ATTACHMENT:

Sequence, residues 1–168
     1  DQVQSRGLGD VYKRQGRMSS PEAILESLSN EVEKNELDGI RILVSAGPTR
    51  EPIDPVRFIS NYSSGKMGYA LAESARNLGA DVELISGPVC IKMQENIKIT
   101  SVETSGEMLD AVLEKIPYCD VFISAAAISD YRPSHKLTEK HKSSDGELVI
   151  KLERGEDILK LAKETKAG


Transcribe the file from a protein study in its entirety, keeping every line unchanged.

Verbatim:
Sequence, residues 1–168
     1  DQVQSRGLGD VYKRQGRMSS PEAILESLSN EVEKNELDGI RILVSAGPTR
    51  EPIDPVRFIS NYSSGKMGYA LAESARNLGA DVELISGPVC IKMQENIKIT
   101  SVETSGEMLD AVLEKIPYCD VFISAAAISD YRPSHKLTEK HKSSDGELVI
   151  KLERGEDILK LAKETKAG